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How many honeybees are there, and how has the number changed across time?

How many honeybees are there, and how has the number changed across time?


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How would you begin to estimate the world population of the European Honeybee (Apis mellifera)? Would recent colony collapse disorder show up as a blip? How about the spread of A. mellifera from Europe to Asia and the New World?

Ideally, I'd love to see a chart with estimates of the kept and feral populations of A. mellifera across time. I realize that this is a tall order; but given that we have available to us:

  • the complete genome,

  • current data from agricultural organizations, and

  • historical and archaeological records,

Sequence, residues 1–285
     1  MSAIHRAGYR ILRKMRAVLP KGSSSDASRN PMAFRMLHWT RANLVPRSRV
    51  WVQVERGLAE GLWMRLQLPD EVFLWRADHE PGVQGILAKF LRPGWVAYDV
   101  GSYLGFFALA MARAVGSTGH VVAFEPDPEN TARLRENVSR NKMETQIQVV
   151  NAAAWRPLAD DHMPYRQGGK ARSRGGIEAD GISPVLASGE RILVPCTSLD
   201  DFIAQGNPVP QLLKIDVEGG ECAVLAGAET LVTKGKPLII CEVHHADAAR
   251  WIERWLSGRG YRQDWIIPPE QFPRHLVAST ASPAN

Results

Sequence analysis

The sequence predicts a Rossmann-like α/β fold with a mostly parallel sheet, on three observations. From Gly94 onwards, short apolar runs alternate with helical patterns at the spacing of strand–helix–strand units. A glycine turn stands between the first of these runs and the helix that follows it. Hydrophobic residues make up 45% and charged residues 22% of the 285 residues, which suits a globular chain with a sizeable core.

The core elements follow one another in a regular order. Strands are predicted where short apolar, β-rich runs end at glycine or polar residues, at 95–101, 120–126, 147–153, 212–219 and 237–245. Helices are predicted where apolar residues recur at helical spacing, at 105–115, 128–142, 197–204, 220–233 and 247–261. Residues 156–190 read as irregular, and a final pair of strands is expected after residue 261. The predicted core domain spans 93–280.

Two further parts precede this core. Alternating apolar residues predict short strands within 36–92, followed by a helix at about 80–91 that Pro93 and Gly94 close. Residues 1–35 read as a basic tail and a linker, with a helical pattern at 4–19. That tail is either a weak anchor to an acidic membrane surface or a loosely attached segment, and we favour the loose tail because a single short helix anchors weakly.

it seeems that with a combination of genetic and historical methods this shouldn't be impossible. Or is it? There seem to be plenty of articles arguing about A. mellifera's African or European origin, but none that I see that mention actual population sizes.


1 billion hives (at 10,000-50,000 bees/hive this is 10-50 trillion bees)

Managed: 100 million hives

Based on country-level data from FAO, supplemented for a few countries with Apiservices, in 2011 there were about 80 million managed hives. Because FAO lacks any data for some countries, and other countries under-report (for instance US figures don't include hives kept for pollination service and hives kept by small-scale operators) a reasonable round estimate of managed hives in the world is 100 million. (This implies a 128% correction to the FAO numbers). (Aizen and Harder 2009 give context on FAO figures).

Wild/Feral: 900 million hives